The other day, “us boys” headed up to the lake for some good ‘ol fashion bonding time. We invited my dad to come along because, let’s be honest, the only thing that makes a fishing trip even better is when Grandpa is there.

I’ve always been a better fisherman than my dad. When we were growing up, he’d take us fishing several times every year, and somehow he never caught a thing. He’d get bites, he’d yank on his pole to set the hook, and nothing. Every single time. Nothing. He’d grow tired of it, and then let us hold his fishing pole for awhile. Without fail, the second he handed it over, we’d land a fighter. We would always laugh hysterically at his dumb luck.

It wasn’t until I was a dad that I found out he’d always handed us his pole with a fish already hooked on the line.

It wasn’t until I was a dad that I realized just how much those fishing trips always meant to me.

And so, “us boys” headed up for some fishing, like we often do. The shore was packed. Nobody was catching anything. A fresh insect hatch had just hit and the water was covered with bugs. This meant a never-ending feast at the surface for the fish who suddenly had no need for balls of cheese or worms on hooks.

We rigged our lines and cast them out. We sat for about an hour, wedged in-between dozens of other families. There wasn’t a single whoop and holler. There wasn’t a single shout of elation. The fish were safe that night.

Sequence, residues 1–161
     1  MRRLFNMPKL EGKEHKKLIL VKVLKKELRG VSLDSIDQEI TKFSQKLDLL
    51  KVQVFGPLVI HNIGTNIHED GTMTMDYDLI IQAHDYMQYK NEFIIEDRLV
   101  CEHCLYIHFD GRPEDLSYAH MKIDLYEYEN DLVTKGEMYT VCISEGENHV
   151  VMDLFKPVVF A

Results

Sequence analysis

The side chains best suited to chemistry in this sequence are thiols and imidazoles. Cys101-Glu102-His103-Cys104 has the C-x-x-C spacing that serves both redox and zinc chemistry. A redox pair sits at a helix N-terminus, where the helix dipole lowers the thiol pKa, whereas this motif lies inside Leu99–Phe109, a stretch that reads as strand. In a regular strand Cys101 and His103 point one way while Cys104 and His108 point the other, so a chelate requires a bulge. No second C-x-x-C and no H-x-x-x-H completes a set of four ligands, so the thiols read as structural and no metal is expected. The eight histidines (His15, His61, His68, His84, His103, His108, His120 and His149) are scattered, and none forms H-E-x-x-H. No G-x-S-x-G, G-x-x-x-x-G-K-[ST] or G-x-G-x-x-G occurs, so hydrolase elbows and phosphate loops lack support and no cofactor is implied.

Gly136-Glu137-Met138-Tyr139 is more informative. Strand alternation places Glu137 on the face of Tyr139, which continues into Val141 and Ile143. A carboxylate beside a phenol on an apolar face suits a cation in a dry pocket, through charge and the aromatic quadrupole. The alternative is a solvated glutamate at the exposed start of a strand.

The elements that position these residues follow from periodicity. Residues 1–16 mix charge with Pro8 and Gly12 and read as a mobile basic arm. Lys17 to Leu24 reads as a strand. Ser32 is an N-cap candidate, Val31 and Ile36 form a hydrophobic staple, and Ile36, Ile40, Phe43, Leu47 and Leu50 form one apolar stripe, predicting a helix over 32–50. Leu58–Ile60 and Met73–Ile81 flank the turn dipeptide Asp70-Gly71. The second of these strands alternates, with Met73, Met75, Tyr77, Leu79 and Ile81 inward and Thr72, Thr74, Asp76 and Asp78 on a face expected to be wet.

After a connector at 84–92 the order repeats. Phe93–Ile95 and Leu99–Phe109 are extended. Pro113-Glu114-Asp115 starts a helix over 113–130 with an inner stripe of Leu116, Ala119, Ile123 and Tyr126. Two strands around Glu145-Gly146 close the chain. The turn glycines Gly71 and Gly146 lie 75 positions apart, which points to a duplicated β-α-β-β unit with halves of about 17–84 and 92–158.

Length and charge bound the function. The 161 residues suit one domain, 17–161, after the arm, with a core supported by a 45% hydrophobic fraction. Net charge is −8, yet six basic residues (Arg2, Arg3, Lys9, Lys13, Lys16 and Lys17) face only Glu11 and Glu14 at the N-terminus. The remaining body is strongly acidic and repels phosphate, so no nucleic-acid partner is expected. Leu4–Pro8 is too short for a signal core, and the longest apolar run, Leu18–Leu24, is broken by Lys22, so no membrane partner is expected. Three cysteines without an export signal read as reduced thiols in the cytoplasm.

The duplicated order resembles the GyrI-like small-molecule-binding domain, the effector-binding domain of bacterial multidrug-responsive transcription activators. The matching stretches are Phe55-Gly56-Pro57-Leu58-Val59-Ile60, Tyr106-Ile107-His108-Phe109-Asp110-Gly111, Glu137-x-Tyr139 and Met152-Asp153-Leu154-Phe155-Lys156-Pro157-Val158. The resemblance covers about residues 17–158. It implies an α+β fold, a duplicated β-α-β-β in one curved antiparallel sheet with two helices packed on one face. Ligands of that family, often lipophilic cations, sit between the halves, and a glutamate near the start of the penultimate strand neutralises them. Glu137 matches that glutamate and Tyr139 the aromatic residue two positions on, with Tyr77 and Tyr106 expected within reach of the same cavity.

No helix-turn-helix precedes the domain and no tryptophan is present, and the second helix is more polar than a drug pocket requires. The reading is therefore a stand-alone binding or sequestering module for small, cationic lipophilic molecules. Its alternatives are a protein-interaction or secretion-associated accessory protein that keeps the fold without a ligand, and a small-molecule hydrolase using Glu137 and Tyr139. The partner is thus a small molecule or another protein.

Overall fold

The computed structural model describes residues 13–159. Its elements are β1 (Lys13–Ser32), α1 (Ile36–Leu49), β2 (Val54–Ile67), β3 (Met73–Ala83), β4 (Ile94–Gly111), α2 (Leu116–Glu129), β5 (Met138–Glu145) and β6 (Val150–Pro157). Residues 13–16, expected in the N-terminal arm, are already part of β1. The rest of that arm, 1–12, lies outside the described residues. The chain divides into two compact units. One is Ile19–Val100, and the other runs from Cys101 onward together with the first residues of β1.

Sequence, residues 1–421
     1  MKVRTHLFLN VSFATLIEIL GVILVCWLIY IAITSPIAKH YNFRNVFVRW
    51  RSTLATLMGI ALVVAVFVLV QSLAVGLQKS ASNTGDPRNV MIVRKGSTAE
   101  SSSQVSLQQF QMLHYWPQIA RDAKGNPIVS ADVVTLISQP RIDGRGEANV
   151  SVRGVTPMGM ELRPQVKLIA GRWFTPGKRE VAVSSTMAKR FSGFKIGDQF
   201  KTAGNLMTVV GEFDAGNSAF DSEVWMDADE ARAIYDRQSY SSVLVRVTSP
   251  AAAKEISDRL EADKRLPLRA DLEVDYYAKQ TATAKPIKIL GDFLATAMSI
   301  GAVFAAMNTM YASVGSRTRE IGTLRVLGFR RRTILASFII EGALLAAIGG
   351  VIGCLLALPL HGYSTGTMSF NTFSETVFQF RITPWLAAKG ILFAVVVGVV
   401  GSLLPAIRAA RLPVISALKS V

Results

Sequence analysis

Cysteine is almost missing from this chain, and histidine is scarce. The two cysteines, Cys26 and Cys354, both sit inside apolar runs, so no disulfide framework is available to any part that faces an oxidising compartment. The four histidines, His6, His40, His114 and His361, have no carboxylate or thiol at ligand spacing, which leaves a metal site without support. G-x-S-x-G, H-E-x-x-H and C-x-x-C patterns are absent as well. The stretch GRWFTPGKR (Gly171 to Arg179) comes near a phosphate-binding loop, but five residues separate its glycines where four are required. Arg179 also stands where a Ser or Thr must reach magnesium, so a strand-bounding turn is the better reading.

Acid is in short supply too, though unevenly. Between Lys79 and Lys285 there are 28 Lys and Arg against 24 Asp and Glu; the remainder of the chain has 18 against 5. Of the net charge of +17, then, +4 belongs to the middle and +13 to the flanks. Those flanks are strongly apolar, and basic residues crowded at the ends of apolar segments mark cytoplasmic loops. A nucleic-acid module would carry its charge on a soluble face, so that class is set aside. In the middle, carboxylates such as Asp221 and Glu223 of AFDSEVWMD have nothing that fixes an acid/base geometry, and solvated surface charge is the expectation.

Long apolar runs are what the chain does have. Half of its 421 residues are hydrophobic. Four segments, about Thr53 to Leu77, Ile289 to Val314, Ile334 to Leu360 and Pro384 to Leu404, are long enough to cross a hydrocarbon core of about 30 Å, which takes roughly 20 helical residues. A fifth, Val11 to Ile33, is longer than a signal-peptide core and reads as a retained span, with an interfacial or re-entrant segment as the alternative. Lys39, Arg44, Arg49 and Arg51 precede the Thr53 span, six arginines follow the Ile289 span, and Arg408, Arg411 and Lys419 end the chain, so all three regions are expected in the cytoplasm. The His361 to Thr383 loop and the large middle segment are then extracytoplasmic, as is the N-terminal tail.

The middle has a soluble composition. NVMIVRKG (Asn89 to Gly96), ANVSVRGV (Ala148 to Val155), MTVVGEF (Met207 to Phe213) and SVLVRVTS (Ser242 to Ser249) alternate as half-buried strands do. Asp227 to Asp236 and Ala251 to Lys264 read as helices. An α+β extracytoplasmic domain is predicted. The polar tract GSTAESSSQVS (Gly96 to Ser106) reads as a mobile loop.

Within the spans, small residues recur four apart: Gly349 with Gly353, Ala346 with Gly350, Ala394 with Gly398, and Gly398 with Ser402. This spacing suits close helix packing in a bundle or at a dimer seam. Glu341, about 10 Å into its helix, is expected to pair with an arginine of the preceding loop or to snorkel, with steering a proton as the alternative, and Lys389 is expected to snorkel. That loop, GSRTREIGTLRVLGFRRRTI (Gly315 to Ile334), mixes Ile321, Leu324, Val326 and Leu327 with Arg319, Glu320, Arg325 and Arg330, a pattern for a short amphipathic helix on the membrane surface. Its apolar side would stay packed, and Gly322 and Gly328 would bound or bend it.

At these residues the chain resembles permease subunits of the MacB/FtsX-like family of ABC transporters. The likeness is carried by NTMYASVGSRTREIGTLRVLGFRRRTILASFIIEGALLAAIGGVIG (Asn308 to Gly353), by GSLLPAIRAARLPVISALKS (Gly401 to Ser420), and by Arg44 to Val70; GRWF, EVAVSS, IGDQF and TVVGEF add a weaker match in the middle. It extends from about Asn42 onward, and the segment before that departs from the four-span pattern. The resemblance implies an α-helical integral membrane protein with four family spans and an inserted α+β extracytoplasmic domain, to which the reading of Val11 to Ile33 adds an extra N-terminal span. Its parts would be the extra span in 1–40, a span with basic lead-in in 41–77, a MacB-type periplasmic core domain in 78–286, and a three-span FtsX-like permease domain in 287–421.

noah-dad-fishing-2And that’s okay, because fishing is much less about the fishing, and much more about the time alone with your kid, away from the hustle and bustle of the everyday.

And then, my bobber went under. I gave a swift jerk to the line and after making sure that the fish was hooked, I sat back down and yawned. “Noah, I’m kind of tired of holding my fishing pole. You wanna hold it for a minute? Can you handle holding a fishing pole this big?” He was elated, and took it from me, excited to show me that he could, indeed, handle it.

The tip of the pole jerked down. “Noah, I think you just got a bite, pull up on it, quick!” He pulled and suddenly felt the thrill of a fish fighting on the line. Daddy, there is a fish! I did get one! he screamed. “Reel it in and let’s see it!”

As he reeled his fish in, I stomped the ground and declared how frustrated I was that I never catch a fish and he always catches a fish. He laughed, hysterically, just like I used to laugh at my dad when he never caught a fish.

He landed the fish, and you would have thought it was Christmas morning. Within the next ten minutes, we came as close to feeling like celebrities as we ever would. One at a time, everybody on the shore wandered over to ask us what we were using. Noah emphatically told everybody who came over the story of how he caught his fish.

On the way home, we all laughed some more about the fish Noah caught when nobody else could catch one.

For Noah, it was magic. For dad, it was beautiful. For grandpa, I’m betting he loved it as much as he did 25 years ago.

And that is why dads go fishing with their kids.

Dan Pearce, Single Dad Laughing

Do you have any special memories with your dad? Please share.